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A cloud provider's guide to building multiservice cloud platforms

This cloud platform guide walks cloud providers through creating one flexible platform for multiple services, internal and external cloud uses and the necessary database analysis.

Following the initial excitement that cloud computing will change life as we know it, we’re now in the heavy-lifting phase that — over time — will make cloud services a trusted reality.

But to help enterprises, organizations and government agencies embrace the cloud for mission-critical applications rather than only for an economical test and development platform, cloud providers have to step up in a big way to design the right infrastructure, whether they’re entrenched telecom providers, newer cloud specialists or niche providers.

Challenged on many fronts to usher in the era of scalable and reliable cloud services, providers have to design an architecture and build cloud platforms that can accommodate multiple services without losing the economies of scale that made cloud services an attractive proposition in the first place.

This expert lesson on building multiservice cloud platforms like a pyramid scheme (but in a good way), by frequent contributor Tom Nolle, looks at a number of issues all cloud providers have to address, including capitalizing on a common cloud platform to build multiple services, using your cloud platform for internal and purposes and getting your cloud database strategy in order to facilitate application performance.

Here are the building blocks you need to get your cloud platform strategy up to speed.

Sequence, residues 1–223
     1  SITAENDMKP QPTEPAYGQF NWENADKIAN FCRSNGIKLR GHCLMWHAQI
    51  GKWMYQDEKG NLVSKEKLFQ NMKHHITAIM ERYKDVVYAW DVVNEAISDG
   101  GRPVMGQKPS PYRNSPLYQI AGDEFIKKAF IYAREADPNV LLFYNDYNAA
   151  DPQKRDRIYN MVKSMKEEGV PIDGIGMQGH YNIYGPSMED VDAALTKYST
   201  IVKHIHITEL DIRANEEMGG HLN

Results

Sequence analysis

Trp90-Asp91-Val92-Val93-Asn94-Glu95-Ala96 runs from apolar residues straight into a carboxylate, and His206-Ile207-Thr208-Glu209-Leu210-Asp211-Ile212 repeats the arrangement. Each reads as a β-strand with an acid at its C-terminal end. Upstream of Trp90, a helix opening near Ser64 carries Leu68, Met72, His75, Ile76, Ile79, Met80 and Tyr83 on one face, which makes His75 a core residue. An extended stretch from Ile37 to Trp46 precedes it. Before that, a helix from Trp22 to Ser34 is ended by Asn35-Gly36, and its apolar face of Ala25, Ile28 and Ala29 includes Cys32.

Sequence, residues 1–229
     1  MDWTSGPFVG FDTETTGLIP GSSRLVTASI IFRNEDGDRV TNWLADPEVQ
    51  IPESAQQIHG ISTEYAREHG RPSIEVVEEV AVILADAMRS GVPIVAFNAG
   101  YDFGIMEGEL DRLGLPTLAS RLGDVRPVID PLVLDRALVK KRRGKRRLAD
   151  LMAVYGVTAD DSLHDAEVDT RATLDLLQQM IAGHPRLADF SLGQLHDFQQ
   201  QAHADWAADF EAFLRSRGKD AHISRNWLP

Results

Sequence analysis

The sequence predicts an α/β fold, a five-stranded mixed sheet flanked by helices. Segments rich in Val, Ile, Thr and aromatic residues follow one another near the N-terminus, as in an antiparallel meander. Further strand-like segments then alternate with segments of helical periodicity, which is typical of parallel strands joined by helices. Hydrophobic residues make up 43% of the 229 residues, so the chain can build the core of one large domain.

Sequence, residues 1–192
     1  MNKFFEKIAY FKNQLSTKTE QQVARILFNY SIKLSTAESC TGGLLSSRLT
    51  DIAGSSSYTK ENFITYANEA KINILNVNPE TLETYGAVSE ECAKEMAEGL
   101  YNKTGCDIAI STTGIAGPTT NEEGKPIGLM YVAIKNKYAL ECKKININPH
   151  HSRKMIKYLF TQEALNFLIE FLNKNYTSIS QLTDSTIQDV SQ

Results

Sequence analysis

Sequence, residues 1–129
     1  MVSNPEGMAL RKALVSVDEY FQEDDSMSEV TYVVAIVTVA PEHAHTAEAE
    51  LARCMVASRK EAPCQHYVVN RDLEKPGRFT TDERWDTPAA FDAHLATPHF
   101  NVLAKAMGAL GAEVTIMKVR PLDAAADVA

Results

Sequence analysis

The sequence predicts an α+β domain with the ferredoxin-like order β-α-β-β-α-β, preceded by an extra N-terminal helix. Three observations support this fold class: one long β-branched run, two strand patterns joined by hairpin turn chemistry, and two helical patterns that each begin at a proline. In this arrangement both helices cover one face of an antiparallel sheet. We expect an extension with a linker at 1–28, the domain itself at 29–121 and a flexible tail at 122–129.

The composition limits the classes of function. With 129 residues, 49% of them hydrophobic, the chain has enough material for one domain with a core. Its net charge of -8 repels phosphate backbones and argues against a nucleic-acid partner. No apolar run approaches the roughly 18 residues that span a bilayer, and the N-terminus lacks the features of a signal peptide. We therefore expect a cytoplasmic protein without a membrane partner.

1. Building multiple services to operate on one cloud platform

First and foremost, most cloud providers don’t have the luxury of building a cloud platform for each service they plan to offer, which means that to make the economics work for themselves and for their customers, they need to leverage their infrastructure to build multiple services to operate off one cloud platform. Using your resource pool of data centers, servers and storage devices wisely is the key to building more complex cloud services. Providers can start with basic cloud platform elements needed for Infrastructure as a Service, then build more complex cloud services including Platform as a Service, Software as a Service and beyond, on top.

Brush up on building multiple services off one cloud platform.

2. Building a cloud computing infrastructure to serve dual purposes

Moving forward, cloud providers have to remember that they are giant IT consumers themselves, and they need to benefit from their cloud infrastructure as much as any customer. Thinking outside the last-gen silo mentality, cloud providers need to move beyond supporting multiple cloud services for customers and make sure their cloud platforms function for their own internal OSS/BSS and internal IT needs. Any provider’s cloud platform has to fill the dual roles of internal IT and customer services, which means using Infrastructure as a Service architecture built on data center virtualization to benefit from the economies of scale.

Understand the dual-purpose cloud platform for internal and external use.

3. Cloud Database as a Service: Planning your DBMS strategy

To offer cloud services, cloud providers have to have an effective database strategy—otherwise customers won’t be able to get to their data. So why not consider rolling out Database as a Service at the same time, since you’ll need a cloud database strategy that won’t affect application performance anyway? Database as a Service is a good differentiator for cloud providers, but it requires careful analysis of your cloud infrastructure, your storage service model and your database management system models.

Read this article to find out if Database as a Service should be in your future.

About the author: Tom Nolle is president of CIMI Corporation, a strategic consulting firm specializing in telecommunications and data communications since 1982. He is the publisher of Netwatcher, a journal addressing advanced telecommunications strategy issues. Check out his SearchTelecom.com networking blog, Uncommon Wisdom.

This was last published in April 2011

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